Lukashenko’s claim that Belarus has ‘no friends’ doesn’t apply to Russia, as the two nations have a brotherly bond, says Kremlin

Russia and Belarus are not just friends but have a fraternal bond. That’s according to Kremlin spokesman Dmitry Peskov, who rubbished claims from Belarusian President Alexander Lukashenko that Minsk has no pals on the world stage.

Speaking to the press, Peskov said that Lukashenko’s statement “can hardly apply to Russia” as they are members of the same Union State.

“Rather, we are not friends, but brothers,” he clarified.

The Union State agreement, signed in 1999, officially linked the two nations with the goal of greater political, economic and social integration. However, in the years since, many of its proposals have not been realized. According to the treaty’s text, the nations planned to create a joint parliament, currency, court and cabinet.

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On Saturday, a poll published by the state-run BelTA media agency revealed that 72.9% of Belarusians believe security and stability is the most important thing, with sovereignty and independence in 2nd place (57.3%). According to Lukashenko, this is entirely expected, as Belarus is completely isolated.

“The fact that people put security and stability in the first place was not unexpected to me,” he said. “I’ve said it before. Our people, after looking at the horror of last year, realized what they could lose.”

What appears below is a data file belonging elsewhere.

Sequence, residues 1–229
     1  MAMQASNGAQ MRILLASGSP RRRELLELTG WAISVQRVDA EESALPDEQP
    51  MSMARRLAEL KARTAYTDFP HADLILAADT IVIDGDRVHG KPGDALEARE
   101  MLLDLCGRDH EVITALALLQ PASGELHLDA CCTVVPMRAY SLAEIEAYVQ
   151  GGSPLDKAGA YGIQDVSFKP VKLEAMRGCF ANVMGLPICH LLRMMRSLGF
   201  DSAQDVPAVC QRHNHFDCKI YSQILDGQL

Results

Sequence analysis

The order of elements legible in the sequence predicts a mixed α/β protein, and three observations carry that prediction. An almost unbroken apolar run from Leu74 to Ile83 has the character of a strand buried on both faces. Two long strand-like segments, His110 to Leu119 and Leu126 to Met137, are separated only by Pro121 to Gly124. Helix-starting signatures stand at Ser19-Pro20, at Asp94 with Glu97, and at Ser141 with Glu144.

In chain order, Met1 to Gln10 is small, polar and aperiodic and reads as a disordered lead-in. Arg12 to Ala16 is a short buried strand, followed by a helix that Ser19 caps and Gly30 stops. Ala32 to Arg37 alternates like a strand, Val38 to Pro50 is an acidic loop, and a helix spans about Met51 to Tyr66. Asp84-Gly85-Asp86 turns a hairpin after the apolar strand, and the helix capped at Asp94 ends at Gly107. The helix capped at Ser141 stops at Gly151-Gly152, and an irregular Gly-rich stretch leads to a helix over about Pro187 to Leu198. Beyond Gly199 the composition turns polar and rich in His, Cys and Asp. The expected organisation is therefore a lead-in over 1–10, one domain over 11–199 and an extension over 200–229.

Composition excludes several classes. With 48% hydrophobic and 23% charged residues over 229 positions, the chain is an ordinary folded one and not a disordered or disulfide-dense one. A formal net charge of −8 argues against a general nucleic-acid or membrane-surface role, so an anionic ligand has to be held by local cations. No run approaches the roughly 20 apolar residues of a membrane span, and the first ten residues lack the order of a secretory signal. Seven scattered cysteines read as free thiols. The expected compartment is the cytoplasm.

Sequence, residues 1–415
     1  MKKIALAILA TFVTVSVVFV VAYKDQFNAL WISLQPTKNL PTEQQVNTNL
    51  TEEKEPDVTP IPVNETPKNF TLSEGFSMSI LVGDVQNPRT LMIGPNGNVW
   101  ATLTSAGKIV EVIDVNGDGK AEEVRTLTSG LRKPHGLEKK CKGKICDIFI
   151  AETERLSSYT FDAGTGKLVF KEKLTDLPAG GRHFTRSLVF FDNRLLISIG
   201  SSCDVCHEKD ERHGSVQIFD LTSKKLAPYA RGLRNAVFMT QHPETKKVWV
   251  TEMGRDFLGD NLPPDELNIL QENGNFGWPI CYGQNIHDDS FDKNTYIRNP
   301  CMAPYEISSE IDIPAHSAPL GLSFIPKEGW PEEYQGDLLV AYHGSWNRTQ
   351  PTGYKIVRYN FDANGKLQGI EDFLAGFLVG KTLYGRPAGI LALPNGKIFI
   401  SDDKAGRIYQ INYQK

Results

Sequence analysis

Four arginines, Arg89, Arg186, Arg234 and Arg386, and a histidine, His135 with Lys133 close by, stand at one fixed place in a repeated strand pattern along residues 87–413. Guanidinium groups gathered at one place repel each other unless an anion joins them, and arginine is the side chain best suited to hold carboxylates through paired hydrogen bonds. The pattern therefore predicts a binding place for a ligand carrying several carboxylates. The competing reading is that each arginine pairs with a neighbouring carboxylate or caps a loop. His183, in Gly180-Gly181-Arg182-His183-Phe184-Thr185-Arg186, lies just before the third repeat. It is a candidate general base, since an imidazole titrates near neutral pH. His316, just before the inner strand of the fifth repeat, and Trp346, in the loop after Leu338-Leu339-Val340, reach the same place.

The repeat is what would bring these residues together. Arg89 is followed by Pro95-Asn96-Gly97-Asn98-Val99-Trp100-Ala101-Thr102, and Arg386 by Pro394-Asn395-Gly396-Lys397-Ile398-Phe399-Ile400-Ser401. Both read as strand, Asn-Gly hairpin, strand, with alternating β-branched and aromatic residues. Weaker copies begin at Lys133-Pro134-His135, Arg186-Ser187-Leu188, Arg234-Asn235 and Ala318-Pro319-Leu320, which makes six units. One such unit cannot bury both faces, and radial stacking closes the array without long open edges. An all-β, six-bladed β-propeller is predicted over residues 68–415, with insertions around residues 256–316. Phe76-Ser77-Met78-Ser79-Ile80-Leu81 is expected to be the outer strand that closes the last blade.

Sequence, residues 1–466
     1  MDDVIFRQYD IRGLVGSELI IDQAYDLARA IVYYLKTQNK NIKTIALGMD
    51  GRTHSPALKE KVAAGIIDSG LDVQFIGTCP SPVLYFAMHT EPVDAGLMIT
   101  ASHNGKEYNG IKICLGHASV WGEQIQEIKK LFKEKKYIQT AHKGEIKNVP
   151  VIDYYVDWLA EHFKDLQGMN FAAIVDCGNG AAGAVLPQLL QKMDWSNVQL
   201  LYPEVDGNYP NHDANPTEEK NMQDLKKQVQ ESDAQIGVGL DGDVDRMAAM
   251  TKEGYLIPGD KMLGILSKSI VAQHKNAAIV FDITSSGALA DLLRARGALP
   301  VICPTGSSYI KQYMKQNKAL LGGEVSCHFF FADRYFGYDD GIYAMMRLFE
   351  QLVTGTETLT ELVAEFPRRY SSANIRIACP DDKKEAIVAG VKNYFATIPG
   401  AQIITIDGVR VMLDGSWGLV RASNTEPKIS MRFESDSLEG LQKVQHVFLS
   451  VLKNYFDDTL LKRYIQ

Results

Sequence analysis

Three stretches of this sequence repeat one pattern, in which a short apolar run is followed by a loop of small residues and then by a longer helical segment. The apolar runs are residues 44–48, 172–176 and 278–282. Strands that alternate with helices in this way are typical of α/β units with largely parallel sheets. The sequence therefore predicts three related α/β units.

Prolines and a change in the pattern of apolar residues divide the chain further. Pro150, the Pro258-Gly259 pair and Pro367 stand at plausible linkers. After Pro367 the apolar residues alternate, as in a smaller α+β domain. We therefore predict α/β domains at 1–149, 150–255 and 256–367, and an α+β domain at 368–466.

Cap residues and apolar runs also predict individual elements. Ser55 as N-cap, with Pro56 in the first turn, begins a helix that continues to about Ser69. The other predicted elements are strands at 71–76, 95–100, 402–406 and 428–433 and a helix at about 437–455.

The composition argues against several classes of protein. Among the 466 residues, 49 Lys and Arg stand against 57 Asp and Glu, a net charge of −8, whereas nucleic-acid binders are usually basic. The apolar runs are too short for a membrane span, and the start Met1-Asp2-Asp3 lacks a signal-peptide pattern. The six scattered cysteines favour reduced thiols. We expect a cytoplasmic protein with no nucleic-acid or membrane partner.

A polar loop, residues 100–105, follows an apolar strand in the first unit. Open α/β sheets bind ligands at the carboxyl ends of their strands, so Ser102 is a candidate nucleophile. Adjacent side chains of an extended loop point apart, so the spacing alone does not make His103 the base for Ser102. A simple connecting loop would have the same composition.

“Pay attention to my phrase: we have no friends in the world,” he concluded.

Lukashenko was referring to last summer’s protests following the 2020 presidential election. According to official results, Lukashenko earned 80% of the vote and won a sixth term in power. However, the country’s opposition believes the election was falsified, with some saying opposition figurehead Svetlana Tikhanovskaya was the true victor. For multiple weekends, thousands of people took to the streets to demonstrate.

In response to the election results and the crackdown by law enforcement, Belarus has been targeted for sanctions by the European Union, the US and the UK, with multiple officials being placed under economic restrictions.

In September, following speculation that Belarus and Russia could unify following a visit of Lukashenko to the resort city of Sochi, Peskov called the suggestion “absolute nonsense.” Despite the friendly nature of relations between Moscow and Minsk, the idea of unification does not appear to have support from the majority of Russian people. A poll that month by the All-Russian Public Opinion Research Center (WCIOM) revealed that only 17% of respondents stated that Belarus should become part of Russia.

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